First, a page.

Frogfruit, or Phyla (Lippia) nodiflora, is a rambling, low-growing plant that crops up in Lowcountry lawns, along sidewalks, and in disturbed, sandy areas near marshes and beaches.
Native to the U.S., it’s found throughout most of the southern half of the country, from coast to coast. Its wide range also includes Mexico, Central America and South America, and such far-flung places as the West Indies, Japan, and India.
This unassuming little plant is a wonderful example of the mystery and charm of botanical common names.
Why it’s called frogfruit (also fogfruit) is anybody’s guess. Another colorful name is turkey tangle. Still others are matchweed and match head, since the plant’s compact, stalked clusters of tiny whitish-purple flowers resemble the heads of matches.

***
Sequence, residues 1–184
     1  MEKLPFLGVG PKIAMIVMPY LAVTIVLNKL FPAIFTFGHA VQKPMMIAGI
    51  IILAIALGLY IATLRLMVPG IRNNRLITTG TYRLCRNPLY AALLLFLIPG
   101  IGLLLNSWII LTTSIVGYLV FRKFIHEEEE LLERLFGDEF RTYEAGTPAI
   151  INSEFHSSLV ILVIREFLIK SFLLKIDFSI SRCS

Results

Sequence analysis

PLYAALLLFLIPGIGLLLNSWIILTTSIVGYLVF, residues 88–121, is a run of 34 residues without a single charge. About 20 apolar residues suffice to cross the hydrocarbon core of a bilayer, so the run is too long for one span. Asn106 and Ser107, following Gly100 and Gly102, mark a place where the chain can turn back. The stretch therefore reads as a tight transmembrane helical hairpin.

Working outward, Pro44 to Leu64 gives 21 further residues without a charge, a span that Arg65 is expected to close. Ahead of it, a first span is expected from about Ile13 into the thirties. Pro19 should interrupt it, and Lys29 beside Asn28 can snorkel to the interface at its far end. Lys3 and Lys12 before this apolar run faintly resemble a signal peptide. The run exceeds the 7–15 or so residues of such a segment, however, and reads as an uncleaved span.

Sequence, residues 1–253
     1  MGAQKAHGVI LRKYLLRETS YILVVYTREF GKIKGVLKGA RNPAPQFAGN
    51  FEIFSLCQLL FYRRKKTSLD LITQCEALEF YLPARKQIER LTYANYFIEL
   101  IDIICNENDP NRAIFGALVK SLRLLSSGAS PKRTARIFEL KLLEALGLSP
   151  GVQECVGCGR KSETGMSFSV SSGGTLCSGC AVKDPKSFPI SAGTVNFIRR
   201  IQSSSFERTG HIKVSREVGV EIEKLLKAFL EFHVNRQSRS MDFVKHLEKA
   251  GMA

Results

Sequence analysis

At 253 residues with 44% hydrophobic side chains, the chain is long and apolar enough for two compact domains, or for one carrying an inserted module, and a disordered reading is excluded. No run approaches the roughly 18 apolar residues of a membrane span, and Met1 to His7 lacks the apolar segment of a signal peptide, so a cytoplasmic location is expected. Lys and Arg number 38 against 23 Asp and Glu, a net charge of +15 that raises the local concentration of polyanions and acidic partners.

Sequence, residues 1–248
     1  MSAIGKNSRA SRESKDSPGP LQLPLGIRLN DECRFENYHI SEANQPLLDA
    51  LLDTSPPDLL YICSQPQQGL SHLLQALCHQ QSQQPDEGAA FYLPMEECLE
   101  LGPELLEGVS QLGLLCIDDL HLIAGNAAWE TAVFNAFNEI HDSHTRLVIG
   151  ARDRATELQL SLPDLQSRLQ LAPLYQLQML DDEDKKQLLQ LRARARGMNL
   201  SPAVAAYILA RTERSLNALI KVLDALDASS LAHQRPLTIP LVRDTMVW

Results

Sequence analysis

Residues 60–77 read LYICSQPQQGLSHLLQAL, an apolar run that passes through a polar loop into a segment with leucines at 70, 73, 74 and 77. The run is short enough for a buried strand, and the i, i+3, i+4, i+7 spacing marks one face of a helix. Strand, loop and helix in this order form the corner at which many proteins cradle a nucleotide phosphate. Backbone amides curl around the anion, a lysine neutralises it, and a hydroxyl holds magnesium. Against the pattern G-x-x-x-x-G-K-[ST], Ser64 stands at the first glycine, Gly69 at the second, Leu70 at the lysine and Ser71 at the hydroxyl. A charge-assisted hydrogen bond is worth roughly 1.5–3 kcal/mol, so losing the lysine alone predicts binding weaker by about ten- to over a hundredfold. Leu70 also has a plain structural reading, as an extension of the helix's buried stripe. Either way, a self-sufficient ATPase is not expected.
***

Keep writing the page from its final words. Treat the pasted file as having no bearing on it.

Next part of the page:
A member of the verbena family, frogfruit blooms from summer through fall, and the nectar-rich flowers attract butterflies, small bees and wasps.
The leaves are food for the caterpillars of various butterflies: Phaon Crescents (Phyciodes phaon), Pearl Crescents (Phyciodes tharos). White Peacocks (Anartia jatrophae), and Buckeyes (Junonia coenia).
Both the leaves and the whole plant have been used in traditional medicine to treat various ailments, from snakebite and burns to anorexia, dandruff, fevers, coughs, and acid reflux.
Preliminary chemical analyses suggest that frogfruit contains many substances with potential anti-tumor, anti-bacterial, anti-inflammatory, and other medicinal uses.
If frogfruit appears as an unwanted weed in your lawn, consider re-locating it to the garden, where it makes an attractive, perennial ground cover.
In the South Carolina Lowcountry, frogfruit stays green for much of the year, until the weather turns cold. It’s also moderately deer-resistant.
The plant’s only drawback is that it does spread readily, especially if given ample moisture, but this habit can be controlled with pruning, or you can confine it to a pot.